Direct and Indirect Effects of Maltreatment and Social Support on Children’s Social Competence Across Reporters

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Abstract

Children’s social competence is a key characteristic of resilience, yet little research has assessed contributing factors to this construct. The objectives of this study were to examine direct and indirect effects of maltreatment on children’s social competence, the promotive role of child and caregiver social support, and factors contributing to reports of child social competence across informants. Structural equation modeling evaluated the influence of CPS report history, child adjustment, and child and caregiver social support on child social competence in n = 783 caregiver-child dyads. CPS report history (age 0–8) was indirectly related to low social competence through child adjustment problems. Social support was a significant promotive factor of child social competence, with caregiver social supports predicting higher levels of parent-reported child social competence. Child social support predicted self-reported child social competence. Findings reinforce the assertion that both caregiver and child social support networks are critical to promoting child well-being after adversity.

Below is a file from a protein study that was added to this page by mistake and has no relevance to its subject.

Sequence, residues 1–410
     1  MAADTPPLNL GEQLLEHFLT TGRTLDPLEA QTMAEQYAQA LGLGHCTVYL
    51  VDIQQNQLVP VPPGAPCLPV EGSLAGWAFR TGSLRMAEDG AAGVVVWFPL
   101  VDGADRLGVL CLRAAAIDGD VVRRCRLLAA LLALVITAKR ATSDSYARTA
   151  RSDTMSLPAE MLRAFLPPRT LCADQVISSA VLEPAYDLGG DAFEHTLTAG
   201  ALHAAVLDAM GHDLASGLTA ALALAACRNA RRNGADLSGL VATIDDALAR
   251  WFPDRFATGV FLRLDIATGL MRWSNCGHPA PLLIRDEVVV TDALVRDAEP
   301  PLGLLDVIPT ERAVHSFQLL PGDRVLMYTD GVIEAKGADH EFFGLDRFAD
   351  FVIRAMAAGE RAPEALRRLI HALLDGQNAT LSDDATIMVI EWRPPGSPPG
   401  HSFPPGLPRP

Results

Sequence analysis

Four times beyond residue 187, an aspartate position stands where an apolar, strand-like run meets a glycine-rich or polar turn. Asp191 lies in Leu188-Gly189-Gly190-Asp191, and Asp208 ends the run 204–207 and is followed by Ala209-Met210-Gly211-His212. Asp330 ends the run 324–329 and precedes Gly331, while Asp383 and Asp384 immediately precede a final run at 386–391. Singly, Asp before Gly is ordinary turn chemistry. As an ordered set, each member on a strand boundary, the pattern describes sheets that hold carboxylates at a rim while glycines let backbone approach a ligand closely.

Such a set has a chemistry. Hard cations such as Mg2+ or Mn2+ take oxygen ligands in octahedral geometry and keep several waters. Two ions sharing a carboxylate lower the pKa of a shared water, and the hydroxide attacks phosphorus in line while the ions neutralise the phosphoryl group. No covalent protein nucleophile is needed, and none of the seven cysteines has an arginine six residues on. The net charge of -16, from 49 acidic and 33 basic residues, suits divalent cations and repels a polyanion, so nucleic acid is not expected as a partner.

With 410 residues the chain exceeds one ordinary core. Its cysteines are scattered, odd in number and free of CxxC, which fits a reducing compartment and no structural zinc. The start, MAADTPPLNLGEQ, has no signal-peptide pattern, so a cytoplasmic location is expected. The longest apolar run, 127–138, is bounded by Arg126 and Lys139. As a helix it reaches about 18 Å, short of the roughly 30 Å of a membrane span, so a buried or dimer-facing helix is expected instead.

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Miller-Graff, L. E., Howell, K. H., Martinez-Torteya, C., & Grein, K. (2017). Direct and Indirect Effects of Maltreatment and Social Support on Children’s Social Competence Across Reporters. Child Psychiatry and Human Development, 48(5), 741–753. https://doi.org/10.1007/s10578-016-0698-4

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